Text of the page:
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Monday, April 6, 2020

Morning Reflection: The Questions that Bind Us

The Questions that Bind Us.

I’ve been watching a new show recently, trying to keep my mind occupied and distracted from everything that’s going on right now.

Yet as often happens when we try to run from our fears, we end up running straight into something that makes us confront them and face them, or at least think a whole lot more about what we’re running from.

And I wondered how it is that in my attempt to avoid, I find the same questions in front of me.

Then it struck me, as I sat there binge-watching a show in an admittedly futile attempt to keep my mind off of the pain and sadness that surrounds us right now, that it’s not that the questions are unique to me.

The questions that we are asking are in a way universal to us as humans, as people, as a thinking consciousness that is aware of time and the universe.

These are the questions that drive us, if we dare to ask them.

It’s almost as though the price of being human is to ask the questions, to ponder and to wonder. Sure, some find refuge and comfort in answers that are given by others, and if that’s you, know that I am happy for you, and yet somewhat jealous.

But in the end, there are always going to be more questions than there are answers, and what really matters are the questions we choose to ask, and the direction those questions take us.

And it’s by asking the questions that we make a meaningful impact in the lives of others.

Because meaning is what we’re all searching for. We’re driven by this insatiable need to find a sense of certainty in everything, so that somehow, someway, all the chaos and uncertainty of living in this temporal universe can fit into some nice understandable box.

If we can draw meaning, and find some pathway through our lives that aligns us with some grand purpose, than it speaks to us that our lives have not been in vain, our experiences have not just been random.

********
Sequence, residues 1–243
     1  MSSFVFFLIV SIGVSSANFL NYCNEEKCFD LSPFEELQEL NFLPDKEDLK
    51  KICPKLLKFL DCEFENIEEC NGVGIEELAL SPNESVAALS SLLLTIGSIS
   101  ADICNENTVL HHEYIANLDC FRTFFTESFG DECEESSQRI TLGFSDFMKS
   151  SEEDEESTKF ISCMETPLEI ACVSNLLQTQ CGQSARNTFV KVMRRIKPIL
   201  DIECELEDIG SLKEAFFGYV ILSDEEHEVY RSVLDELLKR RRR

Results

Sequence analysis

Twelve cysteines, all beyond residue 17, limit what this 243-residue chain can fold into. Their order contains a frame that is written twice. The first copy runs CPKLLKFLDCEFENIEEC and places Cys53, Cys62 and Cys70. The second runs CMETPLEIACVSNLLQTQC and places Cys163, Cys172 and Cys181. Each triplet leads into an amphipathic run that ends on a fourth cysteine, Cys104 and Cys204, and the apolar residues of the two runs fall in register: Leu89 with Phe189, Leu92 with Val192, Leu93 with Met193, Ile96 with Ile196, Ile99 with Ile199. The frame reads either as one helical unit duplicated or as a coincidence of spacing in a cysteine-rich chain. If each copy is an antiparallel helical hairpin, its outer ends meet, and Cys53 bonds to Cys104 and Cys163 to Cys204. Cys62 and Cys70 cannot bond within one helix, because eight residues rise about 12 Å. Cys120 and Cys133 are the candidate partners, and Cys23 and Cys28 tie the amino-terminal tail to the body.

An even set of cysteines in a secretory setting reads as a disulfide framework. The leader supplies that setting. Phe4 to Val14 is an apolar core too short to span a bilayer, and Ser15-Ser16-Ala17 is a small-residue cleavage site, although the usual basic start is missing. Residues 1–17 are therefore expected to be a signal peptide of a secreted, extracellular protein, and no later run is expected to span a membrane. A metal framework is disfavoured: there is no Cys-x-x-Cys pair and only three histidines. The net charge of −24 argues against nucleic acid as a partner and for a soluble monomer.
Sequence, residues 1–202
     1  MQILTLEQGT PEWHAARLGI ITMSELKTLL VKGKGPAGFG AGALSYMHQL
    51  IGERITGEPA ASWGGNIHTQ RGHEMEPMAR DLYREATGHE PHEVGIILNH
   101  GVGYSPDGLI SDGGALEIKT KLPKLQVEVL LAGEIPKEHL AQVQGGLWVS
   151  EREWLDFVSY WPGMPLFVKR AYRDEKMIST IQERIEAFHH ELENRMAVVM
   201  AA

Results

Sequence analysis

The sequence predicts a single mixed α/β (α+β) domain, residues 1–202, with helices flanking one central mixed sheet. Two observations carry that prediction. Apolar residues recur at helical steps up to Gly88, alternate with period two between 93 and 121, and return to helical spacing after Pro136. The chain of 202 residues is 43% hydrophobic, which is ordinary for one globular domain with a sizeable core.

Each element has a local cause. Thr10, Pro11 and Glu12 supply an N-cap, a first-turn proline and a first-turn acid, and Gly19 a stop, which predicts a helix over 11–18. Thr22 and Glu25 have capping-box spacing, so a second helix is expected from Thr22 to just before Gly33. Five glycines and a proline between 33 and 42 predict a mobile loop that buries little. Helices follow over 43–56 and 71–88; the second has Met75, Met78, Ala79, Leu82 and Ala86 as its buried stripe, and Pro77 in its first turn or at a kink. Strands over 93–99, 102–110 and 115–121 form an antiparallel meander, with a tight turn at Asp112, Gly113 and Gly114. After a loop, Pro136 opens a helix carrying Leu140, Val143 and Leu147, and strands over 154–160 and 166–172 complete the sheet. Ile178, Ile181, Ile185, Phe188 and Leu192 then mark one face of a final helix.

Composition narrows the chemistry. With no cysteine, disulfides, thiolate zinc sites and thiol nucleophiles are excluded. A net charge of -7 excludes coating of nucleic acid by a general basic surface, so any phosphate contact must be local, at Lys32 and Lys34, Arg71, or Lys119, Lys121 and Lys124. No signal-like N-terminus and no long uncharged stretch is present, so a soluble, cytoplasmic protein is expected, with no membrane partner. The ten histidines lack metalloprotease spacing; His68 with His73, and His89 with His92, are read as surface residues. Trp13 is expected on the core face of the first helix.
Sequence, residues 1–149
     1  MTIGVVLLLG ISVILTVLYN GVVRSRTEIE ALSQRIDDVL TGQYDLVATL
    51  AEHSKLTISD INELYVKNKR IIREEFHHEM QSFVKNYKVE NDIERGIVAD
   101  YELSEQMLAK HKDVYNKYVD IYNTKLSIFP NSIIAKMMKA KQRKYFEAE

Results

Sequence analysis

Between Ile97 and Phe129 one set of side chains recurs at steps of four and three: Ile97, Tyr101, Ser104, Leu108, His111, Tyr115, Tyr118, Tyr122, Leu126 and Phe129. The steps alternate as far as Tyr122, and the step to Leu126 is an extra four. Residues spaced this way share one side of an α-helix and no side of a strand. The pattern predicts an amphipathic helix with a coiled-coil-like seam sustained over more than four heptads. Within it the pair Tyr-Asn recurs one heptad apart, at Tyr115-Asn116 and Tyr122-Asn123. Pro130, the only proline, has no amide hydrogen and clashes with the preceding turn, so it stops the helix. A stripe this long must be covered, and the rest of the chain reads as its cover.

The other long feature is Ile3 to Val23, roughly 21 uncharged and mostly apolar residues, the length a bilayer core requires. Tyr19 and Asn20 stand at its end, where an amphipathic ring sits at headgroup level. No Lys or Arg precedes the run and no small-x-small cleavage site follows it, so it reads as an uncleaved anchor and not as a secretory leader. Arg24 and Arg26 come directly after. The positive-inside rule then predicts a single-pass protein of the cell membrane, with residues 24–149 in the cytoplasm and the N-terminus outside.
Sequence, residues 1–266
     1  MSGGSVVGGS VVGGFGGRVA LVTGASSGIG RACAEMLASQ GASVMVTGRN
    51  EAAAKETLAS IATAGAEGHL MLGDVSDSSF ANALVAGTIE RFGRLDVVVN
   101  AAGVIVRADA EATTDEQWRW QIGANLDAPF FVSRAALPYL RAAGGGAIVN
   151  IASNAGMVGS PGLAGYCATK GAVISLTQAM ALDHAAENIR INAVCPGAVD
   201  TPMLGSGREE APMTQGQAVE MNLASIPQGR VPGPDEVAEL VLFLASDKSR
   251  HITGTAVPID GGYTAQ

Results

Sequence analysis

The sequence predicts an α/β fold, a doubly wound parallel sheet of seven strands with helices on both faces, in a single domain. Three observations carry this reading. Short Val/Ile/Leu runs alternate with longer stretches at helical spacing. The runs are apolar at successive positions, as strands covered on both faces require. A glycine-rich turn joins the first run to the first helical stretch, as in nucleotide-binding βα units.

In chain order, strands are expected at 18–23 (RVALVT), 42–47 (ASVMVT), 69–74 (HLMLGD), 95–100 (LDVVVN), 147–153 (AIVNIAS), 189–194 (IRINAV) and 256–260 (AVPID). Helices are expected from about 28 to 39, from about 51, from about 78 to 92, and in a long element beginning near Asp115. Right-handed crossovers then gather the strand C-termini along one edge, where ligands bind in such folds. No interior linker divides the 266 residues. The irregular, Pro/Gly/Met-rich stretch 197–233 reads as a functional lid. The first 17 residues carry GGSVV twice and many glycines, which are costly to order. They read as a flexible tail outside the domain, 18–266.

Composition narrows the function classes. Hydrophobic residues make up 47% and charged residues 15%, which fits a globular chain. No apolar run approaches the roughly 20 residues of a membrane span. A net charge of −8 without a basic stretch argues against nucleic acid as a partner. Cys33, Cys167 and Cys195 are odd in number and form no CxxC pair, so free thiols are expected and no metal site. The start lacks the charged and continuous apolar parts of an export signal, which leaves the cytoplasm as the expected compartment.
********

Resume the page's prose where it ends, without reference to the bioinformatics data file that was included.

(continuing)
Because in finding a meaning, we somehow find a sense of value, a sense of worth.

Which is, in its own way, the ultimate distraction. If we are dependent upon meaning, then we are still locked into a value based paradigm, where we seek some way to enhance our own sense of being more than ‘just human’, more than ‘just alive’. It's as if we needed some additional adornment to the incredible wonder of consciousness, the majesty of awareness, and the nobility of just being alive.

The questions that bind us together, are also the questions that bind us to the limiting pathways in which we walk.

Now I’m not saying that it isn’t good to ask questions, because it is. I’m not even saying that you shouldn’t try to make your kinder, or gentler, because you can if you wish. I’m not saying here that you can’t have a sense of the nature of reality that aligns you with the deity or the concept of your choice. You can absolutely do all of those things.

As long as you realize that your value doesn’t depend on any of those things.

In my life I have asked many questions, and I hope that I will get to ask many more. But I’m trying to ask the questions without needing to take a sense of value from the answers, so that I might filter the results that come back to me without any intervention or shading from my own needs.

Because in the end, the answers that I choose need to be the ones that I believe are correct, in the absence of any personal bias, prejudice or desire.

Only then, will the questions yield answers that will make sense.
Dr. Alan Barnes

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